Tuesday, 12 August 2008

Walking in the rain - why?

This morning, I popped down to Sand Bay to have a pre-work walk. After torrential rain overnight the morning was that wonderful clean feeling one gets after heavy rain has almost scoured the air. It was glorious and fresh in other words, dark clouds scudding over but well broken with blue sky.

As I got out of the car, a flock of starlings in Hitchcockesque mode flew to and rested on a wire. Not menacing as such but I should have known. Walking over the path and onto the beach, in front of me was a developing rainbow. I stood for a few moments admiring the rainbow, and of course taking this photo, and then off I set for my walk. I'd still not registered, Rainbow = Sun + Rain.

But less than 2 minutes into my walk the reality of the advancing Monsoon hit me, literally. It was like a tap had been turned on and I was drenched from head to foot. My Nomad kept the top half dry, but the trouble was the rain hit it and was shed off onto trousers and shoes like a waterfall. The moisture then travelled north to more delicate areas. Being on mudflats, in driving rain is not something I'd recommend, quite desolate but strangely uplifting. Today I didn't mind, but I was soaked.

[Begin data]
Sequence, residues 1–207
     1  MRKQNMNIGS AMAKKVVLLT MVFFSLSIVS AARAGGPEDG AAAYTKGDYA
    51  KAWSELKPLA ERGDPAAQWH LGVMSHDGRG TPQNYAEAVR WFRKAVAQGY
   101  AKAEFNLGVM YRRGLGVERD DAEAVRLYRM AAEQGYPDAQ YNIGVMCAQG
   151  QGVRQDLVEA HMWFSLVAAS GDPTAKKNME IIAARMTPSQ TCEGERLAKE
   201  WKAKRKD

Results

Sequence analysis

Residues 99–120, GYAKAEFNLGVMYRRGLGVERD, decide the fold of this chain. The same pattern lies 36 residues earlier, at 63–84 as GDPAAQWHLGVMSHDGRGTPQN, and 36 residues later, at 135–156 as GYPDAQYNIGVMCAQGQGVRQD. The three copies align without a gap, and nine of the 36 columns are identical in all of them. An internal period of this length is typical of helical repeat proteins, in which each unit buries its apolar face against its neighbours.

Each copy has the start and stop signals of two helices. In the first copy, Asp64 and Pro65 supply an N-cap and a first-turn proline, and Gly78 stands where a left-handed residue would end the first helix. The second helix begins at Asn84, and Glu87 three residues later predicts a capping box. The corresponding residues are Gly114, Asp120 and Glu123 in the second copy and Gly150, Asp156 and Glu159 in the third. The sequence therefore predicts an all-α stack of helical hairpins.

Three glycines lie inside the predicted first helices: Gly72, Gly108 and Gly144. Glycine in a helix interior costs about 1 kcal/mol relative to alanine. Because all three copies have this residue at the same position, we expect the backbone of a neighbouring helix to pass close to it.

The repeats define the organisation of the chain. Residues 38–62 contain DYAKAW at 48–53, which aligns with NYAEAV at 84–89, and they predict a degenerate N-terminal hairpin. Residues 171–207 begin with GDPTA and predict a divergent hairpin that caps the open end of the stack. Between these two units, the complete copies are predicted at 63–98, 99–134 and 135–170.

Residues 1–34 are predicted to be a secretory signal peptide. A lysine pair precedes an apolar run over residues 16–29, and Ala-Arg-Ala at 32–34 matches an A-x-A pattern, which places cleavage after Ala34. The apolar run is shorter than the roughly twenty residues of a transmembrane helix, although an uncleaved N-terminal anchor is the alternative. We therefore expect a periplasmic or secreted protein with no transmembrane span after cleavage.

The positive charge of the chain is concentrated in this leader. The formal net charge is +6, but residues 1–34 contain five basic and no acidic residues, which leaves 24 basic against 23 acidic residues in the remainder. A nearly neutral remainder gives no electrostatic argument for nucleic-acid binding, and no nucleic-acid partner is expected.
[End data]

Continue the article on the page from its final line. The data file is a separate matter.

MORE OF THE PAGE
Eventually though the rain eased and the morning returned to it's glorious self, leaving wonderful wet sand and mud and photogenic pictures to be taken.

Bird life is slowly increasing too. My guess is about 150 Dublin are now on the mud, couple of Redshank, Lesser Black Backed and Black Headed gull of course, and at one point a Little Gull struggled past. I didn't count but a handful of Curlew too. And of course the resident Linnet and summer Swallows and House Martins.

But when you're on mudfalts don't look at the birds, look down at your feet at the real powerhouse. If the mud is unpolluted I can guarentee you'll see thousands and thousands of these, Hydrobia ulvae Laver spire shell. These are between 2-5mm in size and are one of the most important components of an Estuary food chain, along with bi-valves.

Spire shells = waders and other invertebrate grazers of the Estuary. It's all going on out there, unseen, day in day out and is why Esturine habitats are vital and must be preserved. Lets hope the Severn Barrage never goes ahead, if it does, we can say goodbye to these creatures. As a group Spire Shells can occur in huge densities (300,000 per square metre), of which the most common Hydrobia ulvae may comprise up to 75 % of the total. Hopefully you'll not overlook them again, next time you're down on the beach.


Finally a bit of admin and news. I've decided to delete my gardening blog, after much thought. It was a good idea at the time, but three blogs is much too much to cope with. Thank you to those of you who commented there, but I hope you'll understand. 2 blogs is actually too much, but I'll keep my art blog going as an occasional blog.

All of Life's Past, All of Life's Future, meet here in the Present.

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